There are four thousand temples of Began. It takes roughly ten minutes to visit one temple. How long would it take to visit them all assuming you could keep going without any sleep?
Three days
20 weeks
An afternoon
Ten years
One month
Instructions: There are five possible answers to the question above but only one of them is correct.
If you think the first answer is correct hold up your left hand.
If you think the second answer is correct hold up your right hand.
If you think the third answer is correct hold up your book.
If you think the fourth answer is correct hold up your calculator.
If you think the fifth answer is correct hold up your pen.
This question was suggested by Transum, for Pentransum
How did you use this starter? Can you suggest
how teachers could present or develop this resource? Do you have any comments? It is always useful to receive
feedback and helps make this free resource even more useful for Maths teachers anywhere in the world.
Click here to enter your comments.
If you don't have the time to provide feedback we'd really appreciate it if you could give this page a score! We are constantly improving and adding to these starters so it would be really helpful to know which ones are most useful. Simply click on a button below:
This starter has scored a mean of 3.2 out of 5 based on 153 votes.
Previous Day  This starter is for 22 November  Next Day
Note to teacher: Click the button above to get another question form the Pentransum database.
Your access to the majority of the Transum resources continues to be free but you can help support the continued growth of the website by doing your Amazon shopping using the links on this page. Below is an Amazon search box and some items chosen and recommended by Transum Mathematics to get you started.
Have you read Craig's book yet?Craig Barton must surely be the voice of Mathematics teachers in the UK. His wonderful podcasts interviewing the industry experts have culminated in this wonderful book. As Craig says: "I genuinely believe I have never taught mathematics better, and my students have never learned more. I just wish I had known all of this twelve years ago..." more... "How I wish I'd taught Maths" is an extraordinary and important book. Part guide to research, part memoir, part survival handbook, it’s a wonderfully accessible guide to the latest research on teaching mathematics, presented in a disarmingly honest and readable way. I know of no other book that presents as much usable research evidence on the dos and don’ts of mathematics teaching in such a clear and practical way. No matter how long you have been doing it, if you teach mathematics—from primary school to university—this book is for you." Dylan Wiliam, Emeritus Professor of Educational Assessment, UCL.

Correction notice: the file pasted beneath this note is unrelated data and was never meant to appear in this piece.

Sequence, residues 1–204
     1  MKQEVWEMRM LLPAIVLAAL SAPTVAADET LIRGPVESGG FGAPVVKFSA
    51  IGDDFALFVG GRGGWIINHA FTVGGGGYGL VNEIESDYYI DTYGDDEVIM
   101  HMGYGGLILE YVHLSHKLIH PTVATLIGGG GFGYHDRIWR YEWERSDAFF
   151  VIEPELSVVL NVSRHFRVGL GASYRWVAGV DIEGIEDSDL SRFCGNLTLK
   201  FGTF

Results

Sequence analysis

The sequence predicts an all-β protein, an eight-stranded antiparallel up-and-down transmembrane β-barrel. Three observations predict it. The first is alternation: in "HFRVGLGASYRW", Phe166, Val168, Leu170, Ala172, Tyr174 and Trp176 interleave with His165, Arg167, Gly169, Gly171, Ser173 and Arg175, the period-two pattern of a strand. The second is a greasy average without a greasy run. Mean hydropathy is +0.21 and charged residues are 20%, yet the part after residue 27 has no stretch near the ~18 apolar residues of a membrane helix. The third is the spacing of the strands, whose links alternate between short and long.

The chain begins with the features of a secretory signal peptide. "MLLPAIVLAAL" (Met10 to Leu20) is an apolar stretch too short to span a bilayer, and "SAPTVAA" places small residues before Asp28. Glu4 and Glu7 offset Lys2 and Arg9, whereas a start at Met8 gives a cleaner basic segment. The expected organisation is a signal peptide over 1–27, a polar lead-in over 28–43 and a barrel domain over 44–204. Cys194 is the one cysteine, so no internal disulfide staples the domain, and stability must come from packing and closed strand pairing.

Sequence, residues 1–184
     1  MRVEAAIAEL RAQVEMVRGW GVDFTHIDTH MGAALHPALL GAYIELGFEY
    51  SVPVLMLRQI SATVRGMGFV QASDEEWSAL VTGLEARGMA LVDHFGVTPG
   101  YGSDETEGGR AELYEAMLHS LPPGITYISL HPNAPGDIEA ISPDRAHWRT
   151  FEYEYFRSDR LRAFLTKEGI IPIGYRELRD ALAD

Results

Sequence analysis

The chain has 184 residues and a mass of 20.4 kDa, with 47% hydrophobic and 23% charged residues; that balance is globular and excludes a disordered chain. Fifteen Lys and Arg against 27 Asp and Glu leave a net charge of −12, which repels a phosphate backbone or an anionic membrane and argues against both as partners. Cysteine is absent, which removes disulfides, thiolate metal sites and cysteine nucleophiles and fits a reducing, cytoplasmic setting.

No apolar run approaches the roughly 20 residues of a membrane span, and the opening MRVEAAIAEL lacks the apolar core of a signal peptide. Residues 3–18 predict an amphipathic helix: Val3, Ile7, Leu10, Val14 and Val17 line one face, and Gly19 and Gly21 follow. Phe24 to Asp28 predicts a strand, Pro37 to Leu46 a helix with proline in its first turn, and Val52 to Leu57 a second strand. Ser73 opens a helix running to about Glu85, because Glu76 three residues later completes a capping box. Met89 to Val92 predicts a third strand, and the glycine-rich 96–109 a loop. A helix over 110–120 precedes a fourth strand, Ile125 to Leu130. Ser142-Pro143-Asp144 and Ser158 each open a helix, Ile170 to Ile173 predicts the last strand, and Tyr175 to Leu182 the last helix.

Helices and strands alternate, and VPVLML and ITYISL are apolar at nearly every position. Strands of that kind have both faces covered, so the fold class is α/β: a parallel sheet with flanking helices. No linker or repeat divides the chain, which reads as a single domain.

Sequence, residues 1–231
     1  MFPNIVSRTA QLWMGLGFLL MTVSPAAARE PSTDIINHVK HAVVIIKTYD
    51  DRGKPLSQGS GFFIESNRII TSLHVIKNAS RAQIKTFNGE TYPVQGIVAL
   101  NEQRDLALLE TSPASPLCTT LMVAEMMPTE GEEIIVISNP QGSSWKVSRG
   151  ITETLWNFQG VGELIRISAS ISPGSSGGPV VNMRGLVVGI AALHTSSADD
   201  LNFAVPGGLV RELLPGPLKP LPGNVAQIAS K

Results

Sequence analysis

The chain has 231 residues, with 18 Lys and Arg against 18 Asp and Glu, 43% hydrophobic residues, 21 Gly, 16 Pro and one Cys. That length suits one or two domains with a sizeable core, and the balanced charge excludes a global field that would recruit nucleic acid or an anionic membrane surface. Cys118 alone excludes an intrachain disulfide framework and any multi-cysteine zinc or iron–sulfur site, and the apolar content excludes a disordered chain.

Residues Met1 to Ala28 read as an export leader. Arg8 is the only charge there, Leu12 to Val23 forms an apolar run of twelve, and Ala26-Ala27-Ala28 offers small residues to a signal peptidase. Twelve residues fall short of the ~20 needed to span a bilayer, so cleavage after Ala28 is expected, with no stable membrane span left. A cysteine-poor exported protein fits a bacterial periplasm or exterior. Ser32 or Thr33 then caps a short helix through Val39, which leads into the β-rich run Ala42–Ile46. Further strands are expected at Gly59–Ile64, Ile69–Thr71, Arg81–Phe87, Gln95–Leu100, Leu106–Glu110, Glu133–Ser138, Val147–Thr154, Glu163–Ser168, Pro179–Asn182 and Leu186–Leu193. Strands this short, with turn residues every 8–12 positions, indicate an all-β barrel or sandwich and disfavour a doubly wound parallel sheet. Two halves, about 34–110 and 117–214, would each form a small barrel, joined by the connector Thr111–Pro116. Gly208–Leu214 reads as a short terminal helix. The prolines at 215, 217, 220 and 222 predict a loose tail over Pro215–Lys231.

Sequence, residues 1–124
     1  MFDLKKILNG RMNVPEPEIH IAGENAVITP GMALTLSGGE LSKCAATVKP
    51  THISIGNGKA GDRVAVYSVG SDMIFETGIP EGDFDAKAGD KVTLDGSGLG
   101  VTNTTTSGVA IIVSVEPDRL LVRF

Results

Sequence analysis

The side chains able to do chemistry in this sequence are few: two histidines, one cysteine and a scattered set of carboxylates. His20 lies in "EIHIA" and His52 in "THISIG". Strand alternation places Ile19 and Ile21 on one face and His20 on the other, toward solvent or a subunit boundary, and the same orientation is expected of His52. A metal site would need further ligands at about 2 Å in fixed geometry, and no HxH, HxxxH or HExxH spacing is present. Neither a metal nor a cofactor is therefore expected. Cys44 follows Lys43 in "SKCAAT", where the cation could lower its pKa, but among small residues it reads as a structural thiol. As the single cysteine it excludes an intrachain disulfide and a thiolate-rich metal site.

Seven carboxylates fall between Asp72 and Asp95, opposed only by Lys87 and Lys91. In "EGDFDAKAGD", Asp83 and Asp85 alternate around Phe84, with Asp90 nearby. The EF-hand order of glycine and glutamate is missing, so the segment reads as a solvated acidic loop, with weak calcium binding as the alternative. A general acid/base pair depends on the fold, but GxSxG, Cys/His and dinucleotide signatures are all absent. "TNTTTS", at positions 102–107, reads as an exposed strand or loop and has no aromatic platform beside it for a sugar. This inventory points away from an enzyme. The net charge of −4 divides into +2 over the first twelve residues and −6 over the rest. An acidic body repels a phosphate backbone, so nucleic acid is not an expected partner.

Casio Classwiz CalculatorThere is currently a lot of talk about this new calculator being the best in its price range for use in the Maths classroom. The new ClassWiz features a highresolution display making it easier to view numerical formulas and symbols but it isn't a graphical calculator as such (it has the capacity to draw graphs on your smart phone or tablet, via a scannable QR code and an app). As well as basic spreadsheet mode and an equation solving feature you also get the ability to solve quadratic, cubic or quartic polynomial inequalities and the answer is given just as it should be written down, using the correct inequality symbols! This calculator has a highperformance processor and twice the memory of previous models ensuring speedy operation and superior computational power.more... 
Hello WorldYou are buying a (driverless) car. One vehicle is programmed to save as many lives as possible in a collision. Another promises to prioritize the lives of its passengers. Which do you choose? Welcome to the age of the algorithm, the story of a nottoodistant future where machines rule supreme, making important decisions – in healthcare, transport, finance, security, what we watch, where we go even who we send to prison. So how much should we rely on them? What kind of future do we want? Hannah Fry takes us on a tour of the good, the bad and the downright ugly of the algorithms that surround us. In Hello World she lifts the lid on their inner workings, demonstrates their power, exposes their limitations, and examines whether they really are an improvement on the humans they are replacing. This calculator has a highperformance processor and twice the memory of previous models ensuring speedy operation and superior computational power.more... 
Teacher, do your students have
access to computers? 

Here a concise URL for a version of this page without the comments.
Transum.org/go/?Start=November22
Here is the URL which will take them to a related student activity.